From The Father: Love – The Gift of the “I” – as Goal and Fulfillment of Freedom

3. “But where sin increased, grace abounded all the more” (Rom 5:20). Grace gives rise to a new and higher freedom for which “Christ has set us free” (Gal, 5:1). Our Lord frees us from sin through his words and actions, all of which have redemptive efficacy. Hence “this hymn to freedom is echoed in all the mysteries of our Catholic faith.”[7] I often remind you that we need to put Christ at the center of our lives. To discover the deepest meaning of freedom, we have to contemplate him. We are amazed to see the freedom of a God who, out of pure love, decides to abase himself by taking on flesh like ours. We see this freedom unfold throughout his steps on earth towards the sacrifice of the Cross. “I lay down my life in order to take it up again. No one takes it from me, but I lay it down of my own accord” (Jn 10:17-18). Human history has never witnessed an act as deeply free as our Lord’s self-giving on the Cross. “He gives himself up to death with the full freedom of Love.”[8]

Saint John’s gospel recounts a dialogue of our Lord with some persons who had believed in him. Jesus’ words resound with a clear promise: “Veritas liberabit vos, the truth will make you free” (Jn 8:32). “How great a truth is this,” Saint Josemaria writes, “which opens the way to freedom and gives it meaning throughout our lives. I will sum it up for you, with the joy and certainty which flow from knowing there is a close relationship between God and his creatures. It is the knowledge that we have come from the hands of God, that the Blessed Trinity looks upon us with predilection, that we are children of so wonderful a Father. I ask my Lord to help us decide to take this truth to heart, to dwell upon it day by day; only then will we be acting as free men.”[9]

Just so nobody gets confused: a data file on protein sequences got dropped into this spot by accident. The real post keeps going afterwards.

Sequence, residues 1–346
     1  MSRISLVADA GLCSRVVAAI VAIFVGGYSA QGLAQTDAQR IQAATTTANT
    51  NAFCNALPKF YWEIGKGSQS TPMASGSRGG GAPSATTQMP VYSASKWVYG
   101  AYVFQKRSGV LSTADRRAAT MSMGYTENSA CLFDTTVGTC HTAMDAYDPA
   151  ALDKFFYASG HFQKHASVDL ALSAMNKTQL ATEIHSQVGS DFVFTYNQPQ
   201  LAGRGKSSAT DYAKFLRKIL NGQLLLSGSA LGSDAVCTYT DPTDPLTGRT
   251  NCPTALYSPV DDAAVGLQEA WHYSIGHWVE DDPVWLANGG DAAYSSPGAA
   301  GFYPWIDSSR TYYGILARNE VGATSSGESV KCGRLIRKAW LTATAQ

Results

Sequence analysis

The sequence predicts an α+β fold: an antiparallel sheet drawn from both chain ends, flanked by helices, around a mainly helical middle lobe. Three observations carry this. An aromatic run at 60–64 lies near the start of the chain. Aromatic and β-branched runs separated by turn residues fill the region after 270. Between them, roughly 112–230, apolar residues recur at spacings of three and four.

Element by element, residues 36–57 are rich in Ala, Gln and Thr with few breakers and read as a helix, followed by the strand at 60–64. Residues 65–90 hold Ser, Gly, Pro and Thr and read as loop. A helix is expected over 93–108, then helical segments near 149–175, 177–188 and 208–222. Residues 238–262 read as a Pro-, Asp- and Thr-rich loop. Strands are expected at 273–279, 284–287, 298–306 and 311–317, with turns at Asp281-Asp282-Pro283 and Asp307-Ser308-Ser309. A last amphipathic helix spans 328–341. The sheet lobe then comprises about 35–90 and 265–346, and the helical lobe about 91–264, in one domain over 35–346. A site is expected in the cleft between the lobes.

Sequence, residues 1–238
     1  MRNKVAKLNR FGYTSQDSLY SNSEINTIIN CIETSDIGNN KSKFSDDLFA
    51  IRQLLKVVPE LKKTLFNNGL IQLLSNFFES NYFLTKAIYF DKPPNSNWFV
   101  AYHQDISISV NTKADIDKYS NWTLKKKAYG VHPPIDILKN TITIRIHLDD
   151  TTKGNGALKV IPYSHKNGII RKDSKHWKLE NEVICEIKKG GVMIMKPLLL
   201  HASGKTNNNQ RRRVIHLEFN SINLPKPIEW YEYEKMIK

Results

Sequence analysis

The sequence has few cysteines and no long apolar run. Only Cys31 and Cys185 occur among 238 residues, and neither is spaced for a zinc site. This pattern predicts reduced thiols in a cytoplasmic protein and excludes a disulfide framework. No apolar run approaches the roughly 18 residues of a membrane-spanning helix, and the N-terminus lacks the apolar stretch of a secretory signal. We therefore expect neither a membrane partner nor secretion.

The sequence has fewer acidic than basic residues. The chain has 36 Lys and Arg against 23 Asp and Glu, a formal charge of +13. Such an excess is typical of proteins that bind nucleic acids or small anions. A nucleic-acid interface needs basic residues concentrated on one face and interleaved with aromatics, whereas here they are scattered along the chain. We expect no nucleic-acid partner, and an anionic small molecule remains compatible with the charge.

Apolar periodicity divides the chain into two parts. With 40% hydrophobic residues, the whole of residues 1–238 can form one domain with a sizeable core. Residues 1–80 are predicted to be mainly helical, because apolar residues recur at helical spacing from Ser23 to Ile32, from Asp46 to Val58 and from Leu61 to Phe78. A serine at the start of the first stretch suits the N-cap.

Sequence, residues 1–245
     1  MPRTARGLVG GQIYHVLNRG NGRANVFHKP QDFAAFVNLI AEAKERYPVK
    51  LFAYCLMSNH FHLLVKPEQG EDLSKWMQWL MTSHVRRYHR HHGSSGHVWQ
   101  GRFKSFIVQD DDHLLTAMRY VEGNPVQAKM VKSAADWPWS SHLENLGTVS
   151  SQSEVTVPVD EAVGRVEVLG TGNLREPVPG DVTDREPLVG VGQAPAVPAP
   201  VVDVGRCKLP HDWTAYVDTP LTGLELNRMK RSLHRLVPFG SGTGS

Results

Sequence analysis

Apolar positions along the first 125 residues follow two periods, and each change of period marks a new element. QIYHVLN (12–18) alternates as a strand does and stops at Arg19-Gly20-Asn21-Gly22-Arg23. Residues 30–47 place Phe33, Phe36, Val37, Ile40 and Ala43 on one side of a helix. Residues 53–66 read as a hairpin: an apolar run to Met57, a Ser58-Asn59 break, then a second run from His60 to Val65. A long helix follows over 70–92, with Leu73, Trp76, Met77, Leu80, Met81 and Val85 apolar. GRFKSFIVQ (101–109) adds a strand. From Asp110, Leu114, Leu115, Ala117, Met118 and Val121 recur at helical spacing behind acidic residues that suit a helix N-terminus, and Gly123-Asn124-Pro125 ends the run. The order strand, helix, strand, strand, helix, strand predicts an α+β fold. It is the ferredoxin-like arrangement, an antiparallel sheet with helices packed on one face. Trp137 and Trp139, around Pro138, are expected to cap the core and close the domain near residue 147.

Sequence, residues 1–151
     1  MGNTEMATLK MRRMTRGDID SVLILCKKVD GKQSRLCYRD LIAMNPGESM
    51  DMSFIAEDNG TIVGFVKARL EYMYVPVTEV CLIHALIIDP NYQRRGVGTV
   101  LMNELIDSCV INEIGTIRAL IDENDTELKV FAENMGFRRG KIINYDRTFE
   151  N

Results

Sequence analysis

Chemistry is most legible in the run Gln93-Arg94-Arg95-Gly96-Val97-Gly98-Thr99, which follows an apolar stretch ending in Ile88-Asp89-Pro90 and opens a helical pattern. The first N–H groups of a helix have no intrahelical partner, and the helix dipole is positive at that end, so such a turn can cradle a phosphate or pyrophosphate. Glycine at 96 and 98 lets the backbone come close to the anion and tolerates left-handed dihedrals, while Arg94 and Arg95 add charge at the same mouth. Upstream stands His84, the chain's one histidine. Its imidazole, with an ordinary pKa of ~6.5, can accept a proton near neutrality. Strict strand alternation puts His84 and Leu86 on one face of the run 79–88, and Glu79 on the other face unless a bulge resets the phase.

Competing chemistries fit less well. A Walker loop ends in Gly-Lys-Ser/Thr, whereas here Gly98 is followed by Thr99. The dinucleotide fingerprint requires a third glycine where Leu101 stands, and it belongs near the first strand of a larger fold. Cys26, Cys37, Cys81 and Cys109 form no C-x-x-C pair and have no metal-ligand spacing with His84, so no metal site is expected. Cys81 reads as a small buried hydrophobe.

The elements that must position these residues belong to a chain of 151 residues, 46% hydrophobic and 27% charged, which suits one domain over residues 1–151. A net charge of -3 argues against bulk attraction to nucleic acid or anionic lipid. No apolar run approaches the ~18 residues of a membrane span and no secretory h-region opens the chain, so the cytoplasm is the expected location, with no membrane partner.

4. Our divine filiation enables our freedom to expand with all the strength that God has bestowed on it. It is not by emancipating ourselves from the Father’s house that we become free, but rather by embracing the reality that we are sons or daughters. “Anyone who does not realize that he is a child of God is unaware of the deepest truth about himself.”[10] Such a person is unaware of who he is and lives in conflict with himself. How liberating it is, then, to know that God loves us. How liberating is God’s pardon that allows us to return to ourselves and to our true home (cf. Lk 15:17-24). And when we pardon others, we also experience this liberation.

Our faith in God’s love for each one of us (cf. 1 Jn 4:16) leads us to respond with love. We can love because he has loved us first (cf. 1 Jn 4:10). It fills us with security to know that God’s infinite Love is to be found not only at the origin of our existence but also at every moment in our lives. For God is closer to us than we are to ourselves.[11] Realizing that God is waiting for us in each person (cf. Mt 25:40), and that he wants to make himself present in their lives also through us, leads us to strive to share abundantly with others what we have received. And in our lives, my daughters and sons, we have received and we receive a lot of love. Giving love to God and to others is the most proper act of freedom. Love fulfills freedom, it redeems it. Love enables freedom to discover its origin and goal in God’s Love. “Freedom finds its true meaning when it is put to the service of the truth which redeems, when it is spent in seeking God’s infinite Love which liberates us from all forms of slavery.”[12]

Our sense of divine filiation leads, then, to great interior freedom, to deep joy, and to the serene optimism of hope: spe gaudentes (Rom 12:12). Realizing we are God’s children also leads us to love the world, which came forth good from the hands of our Father God. It leads us to face life with the clear awareness that it is possible to do good, to conquer sin, and to bring the world to God. As Pope Francis said when contemplating our Mother: “From Mary, full of grace, we learn that Christian freedom is more than mere liberation from sin. It is freedom that enables us to see earthly realities in a new, spiritual light. It is the freedom to love God and our brothers and sisters with a pure heart, and to live a life of joyful hope for the coming of Christ’s Kingdom.”[13]

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